One of the keys to having beautiful indoor plants that are healthy and full of life is to choose the best potting soil for each plant. Potting soil is a product of decomposition of organic matter, or regular soil mixed with decomposed animal or vegetable matter. Each plant evolves in a clean environment with different growing conditions. The quality of the soil must, therefore, be adapted to each species of plants to allow them to quickly adapt to their new growing environment.
Here are our tips to choose the right potting soil for your indoor plants:
How to choose a good potting soil?
The potting soil is the growing support on which plants grow. It is composed of 2 main types of ingredients:
- Solid materials (like pebbles or sand) which ensure good rooting of plants as well as good hydration and aeration of their roots since they provide spaces in which water and air can infiltrate.
- Organic matter (such as midden or compost), which is the essential nutrient for plant health and growth.
Indoor plants generally require a sufficiently rich substrate to ensure their development in a reduced volume of soil; you should also choose a well-draining potting soil to avoid stagnation of water which leads to the degradation and rotting of their roots. The water retention capacity is therefore crucial for fertility, the roots drawing their food in the form of dilute mineral salts. However, the potting soil should not turn into a swamp, aeration being necessary for the oxygenation of the roots. The most important thing when choosing a substrate for your indoor plants is therefore to find a balance between aeration and water retention.
The pH of the soil has an influence on the assimilation of nutrients and trace elements by a plant. Most trace elements dissolve better under moderately acidic conditions (pH about 6.5) but a large proportion of the plants grows happily in any normal soil, which can range from slightly acidic to slightly alkaline.
However, not all indoor plants have the same nutritional requirements, so finding the ideal potting soil composition can be difficult. To simplify your task, there are many different types of potting soil, specially developed to meet the needs of each type of plant.
It is recommended to change the potting soil every year for two reasons in particular:
– Over time, the plants eventually exhaust the minerals contained in the substrate.
– Agents carrying diseases brought by water, air or shifting can settle in the soil.
It is also preferable not to make potting soil yourself with the soil from the garden; often too dense, it can also contain pathogens and weeds harmful to the development of your indoor plants.
Best potting soil for Succulents and Cacti
The succulents and cacti are qualified as resistant plants as they flourish on poor and dry grounds. The special cacti compost, therefore, has a composition rich in solid ingredients to ensure perfect drainage.
The use of universal potting soil is also possible by adding two-thirds of coarse sand or clay balls (these can eventually break, this will allow small roots to sink more easily into the support).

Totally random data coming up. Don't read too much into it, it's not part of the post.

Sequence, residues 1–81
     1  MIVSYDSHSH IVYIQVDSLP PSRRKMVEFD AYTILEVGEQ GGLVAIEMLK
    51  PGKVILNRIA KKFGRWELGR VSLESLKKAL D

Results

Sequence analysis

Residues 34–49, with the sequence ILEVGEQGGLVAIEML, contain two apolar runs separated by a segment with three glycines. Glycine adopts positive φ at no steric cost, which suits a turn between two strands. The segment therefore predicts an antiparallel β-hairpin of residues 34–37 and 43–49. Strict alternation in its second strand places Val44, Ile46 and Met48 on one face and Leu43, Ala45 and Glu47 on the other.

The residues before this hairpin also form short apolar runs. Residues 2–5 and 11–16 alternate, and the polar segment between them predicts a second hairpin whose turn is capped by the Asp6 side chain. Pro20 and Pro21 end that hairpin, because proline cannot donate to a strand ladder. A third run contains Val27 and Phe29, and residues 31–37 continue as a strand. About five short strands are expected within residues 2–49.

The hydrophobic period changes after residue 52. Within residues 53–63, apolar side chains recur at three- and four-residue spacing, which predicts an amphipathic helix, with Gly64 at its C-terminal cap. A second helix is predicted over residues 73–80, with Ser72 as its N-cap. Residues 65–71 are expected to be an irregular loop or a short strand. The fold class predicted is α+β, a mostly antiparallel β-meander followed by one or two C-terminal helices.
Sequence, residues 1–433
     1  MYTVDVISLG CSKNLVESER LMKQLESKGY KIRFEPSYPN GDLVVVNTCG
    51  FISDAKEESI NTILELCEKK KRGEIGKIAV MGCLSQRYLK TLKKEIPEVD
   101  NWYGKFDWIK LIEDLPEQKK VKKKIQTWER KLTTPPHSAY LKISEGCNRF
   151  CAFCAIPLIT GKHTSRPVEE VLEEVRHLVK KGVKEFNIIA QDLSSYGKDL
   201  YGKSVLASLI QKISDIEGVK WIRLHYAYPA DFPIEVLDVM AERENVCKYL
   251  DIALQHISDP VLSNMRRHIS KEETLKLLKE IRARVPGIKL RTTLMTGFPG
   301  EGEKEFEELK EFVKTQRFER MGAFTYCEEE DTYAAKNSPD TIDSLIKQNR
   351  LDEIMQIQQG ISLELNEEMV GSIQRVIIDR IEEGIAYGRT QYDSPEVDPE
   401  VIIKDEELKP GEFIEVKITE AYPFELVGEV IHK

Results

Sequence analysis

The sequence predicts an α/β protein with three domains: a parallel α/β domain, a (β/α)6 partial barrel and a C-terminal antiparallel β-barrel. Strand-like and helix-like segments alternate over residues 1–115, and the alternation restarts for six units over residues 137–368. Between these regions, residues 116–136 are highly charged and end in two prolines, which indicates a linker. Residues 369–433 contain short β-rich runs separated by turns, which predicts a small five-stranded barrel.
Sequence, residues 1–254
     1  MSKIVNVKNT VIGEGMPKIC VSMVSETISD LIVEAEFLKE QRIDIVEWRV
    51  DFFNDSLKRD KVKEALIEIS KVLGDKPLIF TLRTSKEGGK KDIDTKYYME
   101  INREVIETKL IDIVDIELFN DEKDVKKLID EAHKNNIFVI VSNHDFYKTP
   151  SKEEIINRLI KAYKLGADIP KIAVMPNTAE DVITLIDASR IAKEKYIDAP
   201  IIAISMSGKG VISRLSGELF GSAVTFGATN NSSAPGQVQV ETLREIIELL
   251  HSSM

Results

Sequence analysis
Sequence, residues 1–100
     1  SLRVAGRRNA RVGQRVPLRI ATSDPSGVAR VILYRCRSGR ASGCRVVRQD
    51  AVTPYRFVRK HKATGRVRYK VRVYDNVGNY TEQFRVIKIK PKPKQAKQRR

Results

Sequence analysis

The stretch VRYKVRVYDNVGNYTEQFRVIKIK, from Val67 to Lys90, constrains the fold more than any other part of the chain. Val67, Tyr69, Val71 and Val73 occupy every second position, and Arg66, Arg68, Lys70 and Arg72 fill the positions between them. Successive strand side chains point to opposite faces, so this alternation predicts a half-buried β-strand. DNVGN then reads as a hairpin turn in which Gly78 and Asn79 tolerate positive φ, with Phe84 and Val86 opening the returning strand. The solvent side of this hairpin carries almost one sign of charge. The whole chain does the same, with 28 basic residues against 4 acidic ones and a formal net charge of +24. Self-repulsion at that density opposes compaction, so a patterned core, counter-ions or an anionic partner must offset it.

Cacti and succulents are more resistant to drought than excess water! Always wait until the substrate is completely dry before watering them.
Best potting soil for Orchids
Orchids are epiphytic plants that cling to trees to develop. Their roots have the ability to capture nutrients at the air level and therefore do not require support such as potting soil to grow. The special orchid potting soil is specially developed to imitate these growing conditions. It mainly consists of maritime pine bark mixed with peat, rock wool or even perlite.
Repotting orchids in a brand new potting soil is done every 2 to 3 years. Be careful not to choose a pot that is too large, the roots of these plants prefer to be cramped.
Best potting soil for herbs and flowers
For potting green plants (ficus, philodendron, palm tree …) or flowering plants (Cyclamen, Fuchsia, Begonia …), a universal potting soil is generally sufficient. It provides all the nutrients necessary for the proper development of your indoor plants and quickly rewets while ensuring good water draining.
The special indoor plants’ potting soil, enriched with fertilizers, is also an excellent substrate, both for planting and for repotting. If your plants are too developed to be repotted without risk, do a surfacing: remove as much old soil as possible and replace it with new soil.
Best potting soil for Bonsai
Bonsai trees are generally grown in flat pots containing a small volume of soil. The nutritional elements of the substrate are therefore quickly exhausted and potting is imperative for the health of your miniature tree or shrub.
When the roots threaten to invade the pot or come straight out, it’s time to repot your bonsai!
A good bonsai potting soil should be rich in nutrients and well ventilated to let the roots breathe and grow while retaining water to ensure proper hydration.
Choose a special – ready to use – bonsai potting soil. In addition to the organic matter necessary for good growth, these soils incorporate draining materials (sand, pozzolan, etc.) and water-retaining materials (clay).
Best potting soil for Carnivorous plants
Carnivorous plants are plants that thrive in very humid areas, where the substrate is poor in nutrients. Hence the fact that they have developed such a special nutrition system.
The ideal would be to pot them in a soil made up almost exclusively of blond peat. However, peat being a non-renewable resource, we advise you to use a special potting soil for carnivorous plants, consisting of blond peat, sphagnum and pozzolan.